How To Take Opioids And Not Get Addicted
An addiction specialist explains when it makes sense to take one of these powerful drugsand for how long.
It might not seem like a big deal to take a pain med prescribed by your doctor. But if the drug falls into the opioid category, you may want to have a deeper conversation with your physician.
Opioid medicationssuch as codeine, oxycodone, and fentanylwork by attaching to opioid receptors in the body and brain to lower the perception of pain. They can be very effective, but also highly addictive.
The longer you take an opioid, the more you may need to get the same pain-killing effect, says Antoine Douaihy, MD, a professor of psychiatry and medicine at the University of Pittsburgh School of Medicine. “They aren’t an appropriate long-term pain management option,” he told Health in a prior interview.
But in recent years, there’s been a “dramatic increase in the acceptance” of opioids to treat conditions like osteoarthritis and back pain, according to the United States Centers for Disease Control and Prevention. The number of scripts written for opioids has nearly quadrupled since 1999. And in the same period, the number of deaths from prescription opioid meds has grown fourfold.
Today we are in the middle of an opioid overdose epidemic. Unfortunately, health care practitioners have contributed to this public health crisis over the past two decades, Dr. Douaihy said. We underestimated the addictive potential of opioid painkillers and theyve been overprescribed.
How Do I Seek Treatment For Opioid Addiction
If you find yourself becoming more dependent on your painkillers and you are having a hard time quitting, the first step is to acknowledge your condition. Without this, it will be hard for you to get the proper assistance you require to get clean.
Its important to speak to a professional about your condition who can recommend ways on how you can safely recover. There are available evidence-based treatments and medically assisted detoxprograms that can help you on a holistic level. You deserve a full, enjoyable life free from substance abuse and all you need to do is to reach out to get there.
We are happy to provide a no-cost, no-obligation consultation with one of our experienced treatment advisors. Help is available today.
Definitions Of Key Terms
dopamine : A neurotransmitter present in brain regions that regulate movement, emotion, motivation, and the feeling of pleasure.
GABA : A neurotransmitter in the brain whose primary function is to inhibit the firing of neurons.
locus ceruleus : A region of the brain that receives and processes sensory signals from all areas of the body involved in arousal and vigilance.
noradrenaline : A neurotransmitter produced in the brain and peripheral nervous system involved in arousal and regulation of blood pressure, sleep, and mood also called norepinephrine.
nucleus accumbens : A structure in the forebrain that plays an important part in dopamine release and stimulant action one of the brains key pleasure centers.
prefrontal cortex : The frontmost part of the brain involved in higher cognitive functions, including foresight and planning.
ventral tegmental area : The group of dopamine-containing neurons that make up a key part of the brain reward system key targets of these neurons include the nucleus accumbens and the prefrontal cortex
What Causes Opioid Addiction
Opioid drugs alter your brain by creating artificial endorphins. Besides blocking pain, these endorphins make you feel good. Too much opioid use can cause your brain to rely on these artificial endorphins. Once your brain does this, it can even stop producing its own endorphins. The longer you use opioids, the more likely this is to happen. You also will need more opioids over time because of drug tolerance.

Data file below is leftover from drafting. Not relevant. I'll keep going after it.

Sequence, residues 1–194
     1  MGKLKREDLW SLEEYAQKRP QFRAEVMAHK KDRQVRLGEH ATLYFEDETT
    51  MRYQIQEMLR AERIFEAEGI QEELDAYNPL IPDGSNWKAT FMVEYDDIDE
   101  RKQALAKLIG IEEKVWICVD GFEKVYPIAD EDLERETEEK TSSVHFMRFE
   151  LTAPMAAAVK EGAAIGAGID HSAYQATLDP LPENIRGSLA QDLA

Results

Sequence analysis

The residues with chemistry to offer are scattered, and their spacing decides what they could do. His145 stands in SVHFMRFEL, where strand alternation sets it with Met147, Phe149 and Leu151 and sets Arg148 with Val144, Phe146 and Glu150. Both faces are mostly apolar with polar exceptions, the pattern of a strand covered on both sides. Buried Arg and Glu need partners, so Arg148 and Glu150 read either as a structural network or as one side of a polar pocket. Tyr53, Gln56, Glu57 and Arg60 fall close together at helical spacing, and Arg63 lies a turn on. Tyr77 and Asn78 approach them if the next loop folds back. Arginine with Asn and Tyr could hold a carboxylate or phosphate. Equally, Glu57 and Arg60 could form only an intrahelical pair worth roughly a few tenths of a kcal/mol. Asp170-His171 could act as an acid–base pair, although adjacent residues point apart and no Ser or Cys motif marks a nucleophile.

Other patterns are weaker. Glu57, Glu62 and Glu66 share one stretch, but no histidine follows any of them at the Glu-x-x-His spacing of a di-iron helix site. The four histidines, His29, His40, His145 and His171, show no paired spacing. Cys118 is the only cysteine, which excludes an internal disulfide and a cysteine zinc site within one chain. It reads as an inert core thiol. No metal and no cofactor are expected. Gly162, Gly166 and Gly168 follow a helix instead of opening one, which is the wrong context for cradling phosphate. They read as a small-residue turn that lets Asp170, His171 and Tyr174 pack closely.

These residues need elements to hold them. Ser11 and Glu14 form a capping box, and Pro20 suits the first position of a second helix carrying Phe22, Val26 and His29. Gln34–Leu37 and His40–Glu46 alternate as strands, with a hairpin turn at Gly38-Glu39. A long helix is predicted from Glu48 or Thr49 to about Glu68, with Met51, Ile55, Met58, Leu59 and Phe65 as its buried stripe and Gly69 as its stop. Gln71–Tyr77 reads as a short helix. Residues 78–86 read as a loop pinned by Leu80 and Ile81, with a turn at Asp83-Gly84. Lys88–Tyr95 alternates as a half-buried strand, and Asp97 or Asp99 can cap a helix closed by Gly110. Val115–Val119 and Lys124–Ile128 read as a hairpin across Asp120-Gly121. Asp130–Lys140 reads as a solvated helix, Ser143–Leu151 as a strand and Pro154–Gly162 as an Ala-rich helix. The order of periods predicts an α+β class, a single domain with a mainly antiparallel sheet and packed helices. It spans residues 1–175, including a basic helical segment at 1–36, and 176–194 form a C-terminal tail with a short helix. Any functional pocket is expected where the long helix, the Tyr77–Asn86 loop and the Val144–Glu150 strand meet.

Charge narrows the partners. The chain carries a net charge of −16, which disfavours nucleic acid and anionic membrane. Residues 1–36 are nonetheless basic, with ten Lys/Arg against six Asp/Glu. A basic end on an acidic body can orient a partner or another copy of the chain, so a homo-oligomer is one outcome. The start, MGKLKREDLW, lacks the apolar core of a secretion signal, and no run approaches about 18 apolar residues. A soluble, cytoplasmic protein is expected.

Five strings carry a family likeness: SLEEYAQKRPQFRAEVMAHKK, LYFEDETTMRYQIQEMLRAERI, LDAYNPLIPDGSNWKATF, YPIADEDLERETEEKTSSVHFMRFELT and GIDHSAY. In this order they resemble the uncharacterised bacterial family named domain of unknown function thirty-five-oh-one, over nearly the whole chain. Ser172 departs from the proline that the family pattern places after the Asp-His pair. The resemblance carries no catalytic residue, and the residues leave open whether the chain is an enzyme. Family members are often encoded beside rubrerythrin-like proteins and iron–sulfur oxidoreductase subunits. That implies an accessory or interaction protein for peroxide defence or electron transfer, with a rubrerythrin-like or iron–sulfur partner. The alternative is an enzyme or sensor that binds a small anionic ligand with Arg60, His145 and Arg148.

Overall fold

Drug tolerance is when your body, over time, gets used to the effects of a drug. As this happens, you may need to take a higher dose of the drug to get the same effect. When you take opioids over time, you need a higher dose to get the same pain relief.
If you stop using an opioid for a period of time, your tolerance will begin to fade. If you need to begin taking it again, you most likely will not need your former higher dose. That can be too much for the body to take. If you stop taking a medication, and then resume, talk to your doctor about dosage.
Signs Of Opioid Addiction
Using prescription or illegal opiates for more than a few days can put you at risk of addiction. The first sign of addiction is tolerance, meaning that it takes a larger amount of the drug to produce the same results. Other signs might include symptoms of withdrawal when you stop use of the drug or an obsession with obtaining more of the substance. Also, if you find yourself shopping around for more doctors to prescribe you the painkiller, then you are probably already addicted. Other signs to look for include:
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What Opioid Pain Medicines Are Prescribed For Children And Teens
Opioid pain medicines prescribed for children and teens include:
- hydrocodone with acetaminophen liquid and pills
- oxycodone with acetaminophen liquid and pills
- hydromorphone liquid and pills
- morphine liquid and pills
- oxycodone liquid and pills
- others Ask your health care provider if your child is prescribed an opioid pain medicine that is not on this list.
How To Spot Signs Of Opioid Addiction
Doctors use an 11-point checklist to help determine if a persons opioid use signals a deeper problem. Heres what they look for.
It isnt always easy to tell if a person has an addiction to opioids.
But any strange habits or suspicions should be taken seriously, says Jonathan D. Morrow, M.D., Ph.D., an assistant professor of psychiatry at the University of Michigan.